CT was specific for open globe but not sensitive. The best CT predictors of open globe were change in globe contour and vitreous hemorrhage. Open globe is a clinical or surgical diagnosis. CT alone can’t rule it out.
Why does this matter?
If you rely on orbit CT as your screening test for open globe, you will miss open globe cases. See the common clinical findings below. If you see these, call ophthalmology even if the CT is “negative.”
You’ll shoot your eye out, kid.
This was a retrospective look at 114 cases of eye trauma, 39 of which had clinically or surgically confirmed open globe; the rest did not. One neuroradiologist and two ophthalmologists read CTs and were blinded to clinical information. Specificity for open globe was >97%, but sensitivity was poor, ranging from 51-77%. Keep in mind, this is the diagnostic accuracy of 3 people for this study, so it may not be representative. CT was done with a 40-slice scanner, so you may have better images than those used for this study. Overall, this supports that open globe is a clinical or surgical diagnosis and is not ruled out with CT. Clinical signs of scleral rupture are, “poor visual acuity, afferent pupillary defect (APD), chemosis, hyphema, and hypotony.” Hyphema and APD are particularly important physical exam findings for open globe. Remember, ocular ultrasound is contraindicated if you suspect open globe.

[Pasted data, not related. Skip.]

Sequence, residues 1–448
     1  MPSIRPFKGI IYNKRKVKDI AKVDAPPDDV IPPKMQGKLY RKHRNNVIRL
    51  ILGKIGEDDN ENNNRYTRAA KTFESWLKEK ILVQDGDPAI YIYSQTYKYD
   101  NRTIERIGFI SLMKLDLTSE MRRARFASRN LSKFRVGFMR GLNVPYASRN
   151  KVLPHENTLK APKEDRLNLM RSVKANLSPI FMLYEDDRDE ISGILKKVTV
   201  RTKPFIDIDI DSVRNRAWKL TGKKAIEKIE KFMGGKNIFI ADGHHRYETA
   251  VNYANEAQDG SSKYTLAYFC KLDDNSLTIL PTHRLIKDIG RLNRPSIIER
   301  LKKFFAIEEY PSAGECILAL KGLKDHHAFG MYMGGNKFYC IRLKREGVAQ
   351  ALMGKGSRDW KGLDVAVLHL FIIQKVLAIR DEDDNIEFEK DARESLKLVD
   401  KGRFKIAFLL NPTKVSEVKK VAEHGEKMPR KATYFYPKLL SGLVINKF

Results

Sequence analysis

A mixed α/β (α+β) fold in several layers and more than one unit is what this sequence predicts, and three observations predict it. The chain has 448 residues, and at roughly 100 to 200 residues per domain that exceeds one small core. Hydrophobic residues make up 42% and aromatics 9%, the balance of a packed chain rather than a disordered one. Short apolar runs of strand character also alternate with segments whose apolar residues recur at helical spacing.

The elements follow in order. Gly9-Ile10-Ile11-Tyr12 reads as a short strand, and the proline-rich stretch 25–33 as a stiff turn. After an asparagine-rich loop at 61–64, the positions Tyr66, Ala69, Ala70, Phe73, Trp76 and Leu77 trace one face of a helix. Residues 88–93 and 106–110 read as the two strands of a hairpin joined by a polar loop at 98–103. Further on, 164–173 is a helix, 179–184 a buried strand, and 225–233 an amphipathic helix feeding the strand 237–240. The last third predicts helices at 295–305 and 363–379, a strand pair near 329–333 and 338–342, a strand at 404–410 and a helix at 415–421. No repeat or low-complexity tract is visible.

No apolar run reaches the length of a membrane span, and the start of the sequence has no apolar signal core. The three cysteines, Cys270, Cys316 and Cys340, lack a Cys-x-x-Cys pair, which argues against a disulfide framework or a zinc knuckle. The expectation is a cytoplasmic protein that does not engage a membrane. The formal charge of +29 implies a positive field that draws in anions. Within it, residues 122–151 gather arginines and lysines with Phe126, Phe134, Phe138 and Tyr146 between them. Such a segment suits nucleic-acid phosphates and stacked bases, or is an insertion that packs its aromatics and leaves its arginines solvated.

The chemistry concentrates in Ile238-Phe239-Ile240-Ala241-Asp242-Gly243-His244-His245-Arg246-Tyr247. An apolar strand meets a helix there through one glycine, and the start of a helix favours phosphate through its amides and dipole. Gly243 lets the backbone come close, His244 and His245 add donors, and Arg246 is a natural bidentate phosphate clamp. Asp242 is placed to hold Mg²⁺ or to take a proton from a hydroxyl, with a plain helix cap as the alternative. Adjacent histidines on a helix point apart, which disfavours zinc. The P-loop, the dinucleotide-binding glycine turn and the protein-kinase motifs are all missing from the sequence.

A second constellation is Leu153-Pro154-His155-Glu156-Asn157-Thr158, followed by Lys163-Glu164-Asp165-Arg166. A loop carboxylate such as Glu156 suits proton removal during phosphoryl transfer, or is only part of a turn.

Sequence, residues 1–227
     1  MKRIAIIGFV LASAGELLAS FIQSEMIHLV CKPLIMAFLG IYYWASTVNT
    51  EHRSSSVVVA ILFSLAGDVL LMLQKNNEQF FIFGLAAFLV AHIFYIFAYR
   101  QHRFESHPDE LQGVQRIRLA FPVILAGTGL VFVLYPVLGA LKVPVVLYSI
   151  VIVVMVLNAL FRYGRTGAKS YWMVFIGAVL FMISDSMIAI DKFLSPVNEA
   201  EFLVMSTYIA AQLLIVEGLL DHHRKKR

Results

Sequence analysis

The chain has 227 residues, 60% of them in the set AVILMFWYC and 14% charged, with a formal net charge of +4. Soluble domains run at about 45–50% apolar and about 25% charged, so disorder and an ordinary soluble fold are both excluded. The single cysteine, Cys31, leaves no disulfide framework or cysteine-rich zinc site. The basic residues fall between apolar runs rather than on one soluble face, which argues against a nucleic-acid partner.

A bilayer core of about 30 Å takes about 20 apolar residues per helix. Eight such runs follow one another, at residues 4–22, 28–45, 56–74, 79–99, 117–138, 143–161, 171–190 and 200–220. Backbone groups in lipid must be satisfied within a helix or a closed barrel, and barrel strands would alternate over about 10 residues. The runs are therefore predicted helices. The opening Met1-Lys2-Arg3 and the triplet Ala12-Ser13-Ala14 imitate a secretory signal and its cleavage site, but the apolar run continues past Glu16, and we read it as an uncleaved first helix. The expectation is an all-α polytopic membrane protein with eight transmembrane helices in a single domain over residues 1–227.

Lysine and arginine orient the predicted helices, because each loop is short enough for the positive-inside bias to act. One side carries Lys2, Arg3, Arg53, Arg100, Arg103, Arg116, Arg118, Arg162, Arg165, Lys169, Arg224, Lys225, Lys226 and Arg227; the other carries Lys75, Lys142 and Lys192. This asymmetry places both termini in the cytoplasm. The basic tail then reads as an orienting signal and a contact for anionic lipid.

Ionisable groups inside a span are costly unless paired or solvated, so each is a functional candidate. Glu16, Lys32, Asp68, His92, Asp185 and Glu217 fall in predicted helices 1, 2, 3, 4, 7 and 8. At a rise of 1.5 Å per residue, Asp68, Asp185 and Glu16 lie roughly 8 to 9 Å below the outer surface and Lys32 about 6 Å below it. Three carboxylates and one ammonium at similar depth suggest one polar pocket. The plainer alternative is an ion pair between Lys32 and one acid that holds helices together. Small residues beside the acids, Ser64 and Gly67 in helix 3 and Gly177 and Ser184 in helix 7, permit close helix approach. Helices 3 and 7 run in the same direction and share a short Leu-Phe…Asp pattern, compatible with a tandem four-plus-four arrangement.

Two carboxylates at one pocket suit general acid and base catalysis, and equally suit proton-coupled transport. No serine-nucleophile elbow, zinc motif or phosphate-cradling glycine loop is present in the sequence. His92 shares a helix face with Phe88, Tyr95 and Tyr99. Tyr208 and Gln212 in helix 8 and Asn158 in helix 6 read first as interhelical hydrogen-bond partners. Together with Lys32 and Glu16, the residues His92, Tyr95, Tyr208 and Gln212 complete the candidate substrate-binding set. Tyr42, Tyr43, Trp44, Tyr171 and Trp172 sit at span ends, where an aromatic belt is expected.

Accuracy of Computed Tomography Imaging Criteria in the Diagnosis of Adult Open Globe Injuries by Neuroradiology and Ophthalmology. Acad Emerg Med. 2017 Jun 29. doi: 10.1111/acem.13249. [Epub ahead of print]
Peer reviewed by Thomas Davis, MD.